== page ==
2. Transitions – What do you do in the moments when you’re not doing anything? If you’re a vocalist who’s enduring a 20 second guitar solo, keep worshiping! Stay engaged in the moment. Keep telling the “story” through your actions. Keep your attention focused on God and the people you’re leading. Create engaging transitions between your songs. Don’t create “periods” in your experience, only “comma’s”.
  3. Expression – Deliver an outward expression of an inward posture. There are different forms of expression that work for different people; we want our leaders to be the best versions of themselves on our stage, so what good and dynamic expression looks like differs depending on the person. But, we do have some “moves” that we’ve put on our blacklist: (1) No hip pats. (2) No forearm clapping. (3) No hip swaying. (4) No “oscillating fan”. (5) No wimpy praise hands; commit! (6) No autopilot, always be intentional. All of these “moves” are unnatural and can therefore be distracting to the congregations experience.
  4. Preparation – Memorization and internalization are vital to what we do. I’m a big NBA fan, and I recently heard Kyrie Irving (reigning Rookie Of The Year) say something that I thought was brilliant and applicable to this point. He said, “You master the fundamentals so you can forget them, so you can improvise, and concentrate on what really matters.” I couldn’t have said it better myself. Mastering the fundamentals of our worship experiences (lyrics, chords, transitions, etc…) are vital if we want to focus on what really matters, and that’s helping to deliver an engaging moment that allows others to connect with Jesus. Lack of preparation is, frankly, a disservice to that end. We must always give our best!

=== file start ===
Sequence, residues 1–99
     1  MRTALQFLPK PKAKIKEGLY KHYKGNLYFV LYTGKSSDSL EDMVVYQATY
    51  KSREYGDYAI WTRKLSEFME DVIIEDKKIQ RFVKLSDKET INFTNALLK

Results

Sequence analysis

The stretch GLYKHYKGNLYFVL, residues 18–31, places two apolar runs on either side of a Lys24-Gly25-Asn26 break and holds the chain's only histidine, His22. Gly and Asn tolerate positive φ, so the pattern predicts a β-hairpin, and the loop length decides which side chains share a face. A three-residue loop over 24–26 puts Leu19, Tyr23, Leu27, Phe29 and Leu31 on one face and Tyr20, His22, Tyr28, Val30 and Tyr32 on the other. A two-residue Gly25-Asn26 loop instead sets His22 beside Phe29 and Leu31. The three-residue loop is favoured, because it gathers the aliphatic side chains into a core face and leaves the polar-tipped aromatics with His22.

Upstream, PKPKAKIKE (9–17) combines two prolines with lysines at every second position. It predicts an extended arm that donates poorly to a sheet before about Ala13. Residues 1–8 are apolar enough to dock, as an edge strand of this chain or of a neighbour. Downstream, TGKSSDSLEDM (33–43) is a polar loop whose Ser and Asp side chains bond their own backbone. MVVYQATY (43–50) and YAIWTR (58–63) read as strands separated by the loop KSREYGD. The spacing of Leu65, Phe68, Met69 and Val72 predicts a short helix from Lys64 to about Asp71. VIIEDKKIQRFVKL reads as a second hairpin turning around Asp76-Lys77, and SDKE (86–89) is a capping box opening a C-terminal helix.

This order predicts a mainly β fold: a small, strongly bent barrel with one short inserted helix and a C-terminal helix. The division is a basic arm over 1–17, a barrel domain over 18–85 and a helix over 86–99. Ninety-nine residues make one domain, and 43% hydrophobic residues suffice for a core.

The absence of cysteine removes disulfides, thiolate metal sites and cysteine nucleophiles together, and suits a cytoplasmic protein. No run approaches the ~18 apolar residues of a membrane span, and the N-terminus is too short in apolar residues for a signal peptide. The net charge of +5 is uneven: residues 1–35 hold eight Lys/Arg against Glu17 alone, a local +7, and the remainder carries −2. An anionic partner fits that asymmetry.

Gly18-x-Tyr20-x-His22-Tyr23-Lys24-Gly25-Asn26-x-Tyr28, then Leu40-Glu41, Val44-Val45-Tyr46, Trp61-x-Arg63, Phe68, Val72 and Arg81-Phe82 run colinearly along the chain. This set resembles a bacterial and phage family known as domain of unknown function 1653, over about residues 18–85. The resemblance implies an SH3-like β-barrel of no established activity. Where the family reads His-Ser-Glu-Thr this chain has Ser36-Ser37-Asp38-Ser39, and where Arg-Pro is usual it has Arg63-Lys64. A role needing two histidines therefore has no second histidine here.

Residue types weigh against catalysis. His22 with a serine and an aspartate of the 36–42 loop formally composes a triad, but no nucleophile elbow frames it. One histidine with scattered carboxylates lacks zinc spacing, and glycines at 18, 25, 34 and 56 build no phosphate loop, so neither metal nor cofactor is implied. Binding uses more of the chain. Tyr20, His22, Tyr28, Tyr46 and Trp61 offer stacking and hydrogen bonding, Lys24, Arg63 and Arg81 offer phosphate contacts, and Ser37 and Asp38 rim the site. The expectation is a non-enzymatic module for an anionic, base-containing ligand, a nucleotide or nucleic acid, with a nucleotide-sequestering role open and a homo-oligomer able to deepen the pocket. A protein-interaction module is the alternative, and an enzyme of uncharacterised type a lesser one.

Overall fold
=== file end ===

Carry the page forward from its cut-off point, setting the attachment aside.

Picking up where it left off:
There are a thousand different ways to deliver an engaging worship experience, because there are a thousand different contexts and cultures that it happens in. But, regardless of culture or context, we must always bring our best to the table. Performance isn’t a dirty word in the context of worship if we’re speaking to the excellence of our delivery so that it elevates the excellence of our content. And the content of the Church is second to none; therefore our delivery should be as well.

2 comments on “Worship vs. Performance
  1. Geoff

    This is a great topic. I see how there can be a struggle between performance and worship as everyone wants to perform to the best of their abilities but also that they need to balance in order to worship at the same time. Everyone will worship in a little bit different ways but the key is to continue to worship throughout the performance. In some ways performance can create a higher level of worship if it is done correctly. The main focus should be to worship God and to encourage other of His greatness.

  2. Patti

    I LOVE this article. I think a good solid prayer that people will be moved toward God by your gift puts you in the right place mentally and spiritually to have a meaningful moment for Him. Whether you pat your hip or raise the roof….if God put you there, and you ask for His guidance…he’ll put your hands and feet where they belong 🙂